03012017CM0381WebPLAINFIELD – Illinois workers will soon have protections in place to help ensure they receive equal pay for equal work.

Senator Jennifer Bertino-Tarrant (D-Shorewood) is a chief cosponsor on House Bill 834, which addresses the salary gap in Illinois by prohibiting employers from requiring job applicants to disclose their past salary during the interview process. The measure was signed into law on Wednesday.

The legislation amends the Equal Pay Act of 2003 to include language banning salary history questions during the hiring process.

“In 2019, a worker should not receive a different wage based on any factor not directly related to their qualifications, experience and job performance,” Bertino-Tarrant said. “This new law renews the state’s commitment to policies that promote and ensure pay equity for all of our workers.”

Bertino-Tarrant worked with the sponsor to make the measure more business-friendly. The law will go into effect 60 days after it was signed into law.

The measure was supported by a number of groups, including the Illinois Attorney General’s Office, National Association of Social Workers, Laborer’s International Union and the Illinois National Organization for Women.

Women in Illinois make up almost half the workforce but earn 79 percent of what men earn.

“As other states appear to be moving backward on equal rights, Illinois will continue to move forward to ensure employees are receiving the same pay for the same work,” Bertino-Tarrant said. “This new law will help Illinois end the wage gap.”

The new law goes into effect in 60 days.

02062019CM0116PLAINFIELD – Illinois residents’ genetic testing results will now be protected under a new law championed by State Senator Jennifer Bertino-Tarrant.

Signed into law on Friday, Bertino-Tarrant’s House Bill 2189 prohibits companies that provide direct-to-consumer commercial genetic testing such as ancestry.com and 23andMe, from sharing any test results with health or life insurance companies without the consumer’s consent.

“As genetic testing becomes more popular, it is essential that personal information remain private,” Bertino-Tarrant said. “Illinois consumers should have peace of mind that their health information will remain private as they make decisions to manage their health care.”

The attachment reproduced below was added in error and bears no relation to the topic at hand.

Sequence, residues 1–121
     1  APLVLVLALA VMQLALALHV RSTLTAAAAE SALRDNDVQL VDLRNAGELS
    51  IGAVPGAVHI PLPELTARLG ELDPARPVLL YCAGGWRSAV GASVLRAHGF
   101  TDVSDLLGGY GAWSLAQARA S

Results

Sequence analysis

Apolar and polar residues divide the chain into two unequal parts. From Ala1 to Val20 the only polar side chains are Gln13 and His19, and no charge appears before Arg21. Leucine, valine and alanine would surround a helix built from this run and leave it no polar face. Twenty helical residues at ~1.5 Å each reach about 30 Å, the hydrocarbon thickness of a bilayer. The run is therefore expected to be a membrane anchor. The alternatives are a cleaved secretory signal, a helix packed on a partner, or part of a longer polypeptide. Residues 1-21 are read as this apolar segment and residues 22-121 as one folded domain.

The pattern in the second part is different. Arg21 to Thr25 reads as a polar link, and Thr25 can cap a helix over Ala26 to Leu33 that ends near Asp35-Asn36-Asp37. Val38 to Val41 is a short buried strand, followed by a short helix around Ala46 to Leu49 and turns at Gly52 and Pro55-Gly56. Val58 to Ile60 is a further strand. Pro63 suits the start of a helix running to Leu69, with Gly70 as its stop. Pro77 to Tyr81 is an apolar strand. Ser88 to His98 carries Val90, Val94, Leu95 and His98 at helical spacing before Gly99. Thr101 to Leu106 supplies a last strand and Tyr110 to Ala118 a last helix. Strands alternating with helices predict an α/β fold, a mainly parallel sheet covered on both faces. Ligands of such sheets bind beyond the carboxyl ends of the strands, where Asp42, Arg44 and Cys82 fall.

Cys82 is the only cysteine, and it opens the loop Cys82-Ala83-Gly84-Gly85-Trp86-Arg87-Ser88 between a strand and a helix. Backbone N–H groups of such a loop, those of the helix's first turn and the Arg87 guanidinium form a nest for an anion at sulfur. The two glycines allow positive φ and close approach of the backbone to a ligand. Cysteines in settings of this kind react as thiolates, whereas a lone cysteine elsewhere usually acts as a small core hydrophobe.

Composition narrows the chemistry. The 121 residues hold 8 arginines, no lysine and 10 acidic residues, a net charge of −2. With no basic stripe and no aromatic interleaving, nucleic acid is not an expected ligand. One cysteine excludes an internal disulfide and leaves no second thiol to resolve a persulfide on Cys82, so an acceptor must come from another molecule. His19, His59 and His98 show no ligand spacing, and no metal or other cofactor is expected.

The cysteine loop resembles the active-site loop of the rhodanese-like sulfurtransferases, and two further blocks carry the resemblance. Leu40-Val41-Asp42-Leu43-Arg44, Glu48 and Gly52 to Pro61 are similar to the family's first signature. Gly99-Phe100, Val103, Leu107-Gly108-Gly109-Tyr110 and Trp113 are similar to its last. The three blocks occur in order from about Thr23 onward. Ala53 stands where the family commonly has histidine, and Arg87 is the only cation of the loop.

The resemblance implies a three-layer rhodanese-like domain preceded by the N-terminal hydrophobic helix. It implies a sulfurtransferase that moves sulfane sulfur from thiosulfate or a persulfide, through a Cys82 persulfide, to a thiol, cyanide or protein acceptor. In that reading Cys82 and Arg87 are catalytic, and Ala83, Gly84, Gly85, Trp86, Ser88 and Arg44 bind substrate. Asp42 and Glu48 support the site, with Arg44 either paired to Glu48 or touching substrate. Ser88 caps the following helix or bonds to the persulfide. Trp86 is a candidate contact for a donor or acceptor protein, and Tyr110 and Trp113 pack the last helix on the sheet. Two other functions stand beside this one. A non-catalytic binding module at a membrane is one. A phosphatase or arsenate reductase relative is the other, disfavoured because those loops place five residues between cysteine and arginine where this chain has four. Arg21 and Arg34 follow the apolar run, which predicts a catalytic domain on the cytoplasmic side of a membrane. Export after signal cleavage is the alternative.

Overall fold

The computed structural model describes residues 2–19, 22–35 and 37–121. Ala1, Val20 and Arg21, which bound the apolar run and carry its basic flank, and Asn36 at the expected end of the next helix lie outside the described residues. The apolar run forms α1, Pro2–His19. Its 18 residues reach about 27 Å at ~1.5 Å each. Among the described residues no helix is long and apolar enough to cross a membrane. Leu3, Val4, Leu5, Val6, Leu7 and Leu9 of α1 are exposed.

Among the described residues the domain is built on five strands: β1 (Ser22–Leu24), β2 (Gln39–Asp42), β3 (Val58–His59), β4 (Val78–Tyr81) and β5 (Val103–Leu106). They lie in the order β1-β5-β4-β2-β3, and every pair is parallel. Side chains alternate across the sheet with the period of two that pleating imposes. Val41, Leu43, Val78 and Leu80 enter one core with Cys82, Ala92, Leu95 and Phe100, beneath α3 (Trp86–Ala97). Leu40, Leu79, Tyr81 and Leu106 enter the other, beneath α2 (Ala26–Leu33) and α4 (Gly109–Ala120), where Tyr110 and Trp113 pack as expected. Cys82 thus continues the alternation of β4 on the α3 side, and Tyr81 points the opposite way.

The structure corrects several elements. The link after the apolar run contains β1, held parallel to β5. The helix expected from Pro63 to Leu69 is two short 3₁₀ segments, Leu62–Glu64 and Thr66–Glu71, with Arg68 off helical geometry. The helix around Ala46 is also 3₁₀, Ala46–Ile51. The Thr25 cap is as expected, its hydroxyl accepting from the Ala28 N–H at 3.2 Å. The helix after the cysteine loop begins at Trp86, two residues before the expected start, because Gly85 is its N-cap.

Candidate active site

The number of people who have had their DNA analyzed with direct-to-consumer genetic genealogy tests more than doubled during 2017 and exceeded 12 million in 2018.

Last year, an estimated 1 in 25 American adults now have access to personal genetic data. Ancestry.com and 23andMe Inc. alone have sold more than 15 million DNA kits.

“As technology progresses it is vital that laws evolve to protect our interests,” Bertino-Tarrant said.

Representative Natalie Manley (D-Joliet) was the lead sponsor in the House.

House Bill 2189 passed the Senate and House with bipartisan support. The law will go into effect on Jan. 1, 2020.

JBT4PLAINFIELD – Illinois parents, school counselors and teachers will have additional resources to help students struggling with mental and emotional issues, thanks to a law championed by State Senator Jennifer Bertino-Tarrant.

Bertino-Tarrant (D-Shorewood) is a chief-cosponsor of House Bill 907, which requires the Department of Human Services to maintain a resources page on its website with mental health resources related to bullying and school shootings to ensure this information is readily available. It was signed into law on July 12, 2019.

“Mental stresses affect all of us,” Bertino-Tarrant said. “Parents, educators and school counselors need to be equipped with the tools to help students develop life-long skills to combat and deal with mental illness in a healthy way.” 

DHS’s current website does not contain information directly targeted at teachers, parents, or school counselors regarding bullying and school shootings.

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05092019CM0885PLAINFIELD – State Senator Jennifer Bertino-Tarrant’s measure, House Bill 2605, will make it easier for speech pathologists to practice in Illinois schools by eliminating a redundant state certification requirement. The measure was signed into law on Friday.

“This new law streamlines the process for qualified speech pathologists to practice in our schools,” Bertino-Tarrant said. “Speech pathologists undergo intensive educational programs and thorough testing, and we know they are qualified without yet another unnecessary certification.”

House Bill 2605 is an initiative of the Illinois Speech Language Hearing.

Schools across the nation are struggling to find speech language pathologists to work in schools, due in part to the limited number of openings in graduate programs and the increased need as the profession’s scope of practice increases and symptoms of autism are better detected.

According to the Illinois Educator Supply and Demand Report, in 2017 there were 124 unfilled non-teaching speech language pathologist positions.

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